Grace of Monaco

Surprisingly, Grace of Monaco arrived at our shores just a few days after its premiere (finally!) at this year's Cannes Film Festival, and after sitting through the 103 minutes film I can understand why it did not garner the accolades that one would expect out of its pedigree. You know there is a problem when the most emotionally resonant moment in the film is when Maria Callas sings "O mio babbino caro".

Olivier Dahan is a good director with a very distinctive voice and vision, and he can get some of the best acting out of his stars - he did give us the award-winning performance of Marion Cotillard in 2007's La Vie En Rose. However, like that movie, this biopic of Princess Grace Kelly lacked depth, which fortunate for Cotillard there was breadth for her to sink into as she explored the psyche of Edith Piaf.

Dahan was failed by Arash Amel's script. Choosing to focus only on a moment in Kelly's life is not wrong but the execution of it was fatally flawed as it did not really allow much character growth. Sure, there is character development and change, but there is no real growth per se. Furthermore, the plotting of the whole narrative made it look as if Kelly herself single-handedly saved Monaco. Even without knowing the exact history, that seemed beyond the realm of plausibility. Well, she did have a bit of help from the Church. The screenplay was essentially so thin and insubstantial that padding was inevitable.

Dahan's penchant for long shots were also shown off here. Sure, that long shot moment in La Vie En Rose may have been the moment that cemented Cotillard's Oscar, but in Grace of Monaco most of them unfortunately could not recapture the powerful moment and it ended up being more unnecessary than useful. The best (long) shot was the opening sequence. That was splendidly done. The slow tease of the camera following the back of this star who seemed so graceful, elegant, and so well-liked by the crew before the reveal that it was actually a Princess. That shot established more character than most of the movie.

That whole montage moment was too jarring. Suddenly the tone shifted (and this was possibly what a Weinstein cut would have looked like) and we had a Evita-Rocky-Pretty Woman mash up.

Then we have Nicole Kidman. Throughout the movie, one word kept coming to mind: resplendent. She was utterly resplendent throughout the movie, and that, unfortunately was a major distraction.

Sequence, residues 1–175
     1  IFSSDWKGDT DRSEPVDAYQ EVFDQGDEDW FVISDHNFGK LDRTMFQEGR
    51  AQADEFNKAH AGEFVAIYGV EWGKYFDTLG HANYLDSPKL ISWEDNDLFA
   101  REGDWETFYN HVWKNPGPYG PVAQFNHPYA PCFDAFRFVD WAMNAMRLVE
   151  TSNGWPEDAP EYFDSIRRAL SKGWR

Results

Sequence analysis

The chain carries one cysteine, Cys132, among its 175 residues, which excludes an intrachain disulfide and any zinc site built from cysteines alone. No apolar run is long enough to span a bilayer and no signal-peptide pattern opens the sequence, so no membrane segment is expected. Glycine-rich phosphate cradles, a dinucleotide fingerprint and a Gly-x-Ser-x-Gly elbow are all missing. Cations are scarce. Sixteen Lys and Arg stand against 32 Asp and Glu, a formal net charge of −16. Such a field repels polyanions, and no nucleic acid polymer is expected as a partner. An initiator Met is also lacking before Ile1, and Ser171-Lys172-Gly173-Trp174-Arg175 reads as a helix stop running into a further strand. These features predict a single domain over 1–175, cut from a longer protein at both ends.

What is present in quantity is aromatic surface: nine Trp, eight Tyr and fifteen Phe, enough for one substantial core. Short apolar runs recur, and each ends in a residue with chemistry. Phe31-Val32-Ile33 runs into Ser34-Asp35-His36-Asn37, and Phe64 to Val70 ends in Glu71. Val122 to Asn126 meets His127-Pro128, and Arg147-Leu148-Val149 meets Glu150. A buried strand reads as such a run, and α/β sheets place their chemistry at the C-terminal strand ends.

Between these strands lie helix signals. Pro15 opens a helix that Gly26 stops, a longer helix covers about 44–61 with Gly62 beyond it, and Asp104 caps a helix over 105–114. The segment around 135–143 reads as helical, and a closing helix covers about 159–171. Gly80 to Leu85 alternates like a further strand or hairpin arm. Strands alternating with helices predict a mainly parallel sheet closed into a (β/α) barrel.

Somehow, when Dahan chose to focus on her closed up she shone more and brighter as an actress, as Grace Kelly. Sadly, Kidman's forehead is the reason why her close-ups are more effective. Whether it had been botox-ed or just pulled back really tightly by her hairstylist, it was too stiff to the point of distraction. You can actually track the passage of time (filming wise) via two distinctive characteristics: the appearance of her glabellar frown lines as well as the evolution of her hair colour from Kelly's blonde to Kidman's natural strawberry shade (which suited her more).

But kudos to Kidman's hair, make-up and costume team. mShe was utterly resplendent (yes, that word again) - those amazing jewels from Cartier definitely helped too.

If Dahan had managed to film Kidman's climatic monologue as a long shot, that could had been Kidman's moment. She did have some strong moments within the show but her acting was not constantly at a high standard. The accent that she chose to adopt for Kelly was also a distraction. Sometimes, beauty can indeed be a boon.

Tim Roth had no chemistry with Kidman so it was hard to buy into their relationship, but his character was so poorly written that I can't totally blame hi. Frank Lagella was practically just another curmudgeonly old man, practically doing it in his sleep. Paz Vega role is too small but it was her lip syncing to Callas that had the most impact, so there was that. Sir Derek Jacobi did steal his scenes though.

In the end, one wonders if Weinstein's cut would have been better. That man knows how to cater to the audience/voters.


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